Following Iran's thwarted attack on Israel, attention shifts to Prime Minister Benjamin Netanyahu's potential response. While Israel's defenses and regional allies managed to repel the assault, experts emphasize Israel's obligation to retaliate against Iran's aggression. Amidst calls for restraint from the Biden administration to prevent further escalation, speculation arises about Israel's next move.

Behnam Ben Taleblu, a senior fellow at FDD, suggests that Israel may consider targeting Iran's nuclear program, a possibility that has long been a subject of planning. Reports indicate potential strikes using F-35 stealth fighter jets to neutralize air defenses and target nuclear facilities across Iran. However, Israel would likely seek U.S. support for such actions.

Jonathan Conricus, a former IDF spokesman, emphasizes that military strikes are not the sole option, suggesting that Israel may pursue various strategies in response to Iran's provocations. As tensions persist in the region, the world watches closely to see how Israel navigates this critical juncture.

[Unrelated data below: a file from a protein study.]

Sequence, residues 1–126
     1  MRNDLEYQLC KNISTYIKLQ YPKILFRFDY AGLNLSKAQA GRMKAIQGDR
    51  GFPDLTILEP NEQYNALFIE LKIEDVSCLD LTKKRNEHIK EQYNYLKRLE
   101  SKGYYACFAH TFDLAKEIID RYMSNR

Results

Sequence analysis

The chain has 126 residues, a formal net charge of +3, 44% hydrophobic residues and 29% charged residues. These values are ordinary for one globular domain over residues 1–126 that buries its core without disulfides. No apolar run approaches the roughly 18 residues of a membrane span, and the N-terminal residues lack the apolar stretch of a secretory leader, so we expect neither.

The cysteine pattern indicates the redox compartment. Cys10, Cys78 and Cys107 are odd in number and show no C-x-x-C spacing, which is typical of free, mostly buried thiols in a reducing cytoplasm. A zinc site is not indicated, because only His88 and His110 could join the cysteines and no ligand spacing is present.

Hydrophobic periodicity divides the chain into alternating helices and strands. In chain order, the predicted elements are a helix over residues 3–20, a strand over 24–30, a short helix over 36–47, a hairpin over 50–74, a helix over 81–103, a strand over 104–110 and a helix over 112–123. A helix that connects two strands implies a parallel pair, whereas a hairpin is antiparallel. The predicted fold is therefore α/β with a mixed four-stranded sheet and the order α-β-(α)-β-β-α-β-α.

In a recent statement, Israeli forces announced airstrikes targeting Hezbollah's Radwan Forces' military structures in Jbaa, southern Lebanon, and earlier strikes in Khiam and Kfarkela. Reports from the Jerusalem Post speculate on potential Israeli military actions, including waves of F-35s and other fighter jets targeting Iranian nuclear facilities. While Israel has refrained from overtly attacking Iran's nuclear program in the past, experts debate the likelihood of such a response now.

Retired Gen. David Petraeus suggests Israel has various options, including asymmetric attacks and cyber operations, while diplomatic discussions among G7 countries explore coordinated responses. Behnam Ben Taleblu underscores the need for Israel to strategize for victory, whether through targeting regime leadership, military assets, or economic sectors vital to Iran. As tensions escalate, Israel's decision-making process remains under scrutiny, with potential ramifications for regional stability.